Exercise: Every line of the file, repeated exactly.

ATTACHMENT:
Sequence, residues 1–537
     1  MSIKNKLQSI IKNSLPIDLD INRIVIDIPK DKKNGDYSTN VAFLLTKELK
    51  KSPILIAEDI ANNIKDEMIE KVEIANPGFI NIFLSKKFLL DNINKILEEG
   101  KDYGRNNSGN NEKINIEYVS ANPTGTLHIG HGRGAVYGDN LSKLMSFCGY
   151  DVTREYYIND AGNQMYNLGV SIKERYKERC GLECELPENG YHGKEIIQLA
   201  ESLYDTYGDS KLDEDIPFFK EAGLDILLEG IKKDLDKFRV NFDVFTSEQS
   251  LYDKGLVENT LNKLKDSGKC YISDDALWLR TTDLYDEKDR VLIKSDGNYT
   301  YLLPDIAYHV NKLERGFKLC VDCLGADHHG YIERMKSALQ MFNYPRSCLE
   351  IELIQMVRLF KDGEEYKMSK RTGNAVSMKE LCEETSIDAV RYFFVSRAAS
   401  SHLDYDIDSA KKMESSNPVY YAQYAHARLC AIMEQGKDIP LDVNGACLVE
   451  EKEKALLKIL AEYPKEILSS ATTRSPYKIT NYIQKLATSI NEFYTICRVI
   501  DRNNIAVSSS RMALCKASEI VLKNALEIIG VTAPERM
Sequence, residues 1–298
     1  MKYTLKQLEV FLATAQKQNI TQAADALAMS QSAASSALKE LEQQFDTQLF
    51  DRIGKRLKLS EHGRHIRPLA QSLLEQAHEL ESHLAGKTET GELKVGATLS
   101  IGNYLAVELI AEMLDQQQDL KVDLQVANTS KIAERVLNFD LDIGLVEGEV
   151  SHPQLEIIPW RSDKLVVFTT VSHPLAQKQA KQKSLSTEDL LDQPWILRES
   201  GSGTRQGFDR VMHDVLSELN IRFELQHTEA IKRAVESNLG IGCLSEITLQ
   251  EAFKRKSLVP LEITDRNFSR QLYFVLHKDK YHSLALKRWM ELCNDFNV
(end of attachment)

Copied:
Sequence, residues 1–537
     1  MSIKNKLQSI IKNSLPIDLD INRIVIDIPK DKKNGDYSTN VAFLLTKELK
    51  KSPILIAEDI ANNIKDEMIE KVEIANPGFI NIFLSKKFLL DNINKILEEG
   101  KDYGRNNSGN NEKINIEYVS ANPTGTLHIG HGRGAVYGDN LSKLMSFCGY
   151  DVTREYYIND AGNQMYNLGV SIKERYKERC GLECELPENG YHGKEIIQLA
   201  ESLYDTYGDS KLDEDIPFFK EAGLDILLEG IKKDLDKFRV NFDVFTSEQS
   251  LYDKGLVENT LNKLKDSGKC YISDDALWLR TTDLYDEKDR VLIKSDGNYT
   301  YLLPDIAYHV NKLERGFKLC VDCLGADHHG YIERMKSALQ MFNYPRSCLE
   351  IELIQMVRLF KDGEEYKMSK RTGNAVSMKE LCEETSIDAV RYFFVSRAAS
   401  SHLDYDIDSA KKMESSNPVY YAQYAHARLC AIMEQGKDIP LDVNGACLVE
   451  EKEKALLKIL AEYPKEILSS ATTRSPYKIT NYIQKLATSI NEFYTICRVI
   501  DRNNIAVSSS RMALCKASEI VLKNALEIIG VTAPERM
Sequence, residues 1–298
     1  MKYTLKQLEV FLATAQKQNI TQAADALAMS QSAASSALKE LEQQFDTQLF
    51  DRIGKRLKLS EHGRHIRPLA QSLLEQAHEL ESHLAGKTET GELKVGATLS
   101  IGNYLAVELI AEMLDQQQDL KVDLQVANTS KIAERVLNFD LDIGLVEGEV
   151  SHPQLEIIPW RSDKLVVFTT VSHPLAQKQA KQKSLSTEDL LDQPWILRES
   201  GSGTRQGFDR VMHDVLSELN IRFELQHTEA IKRAVESNLG IGCLSEITLQ
   251  EAFKRKSLVP LEITDRNFSR QLYFVLHKDK YHSLALKRWM ELCNDFNV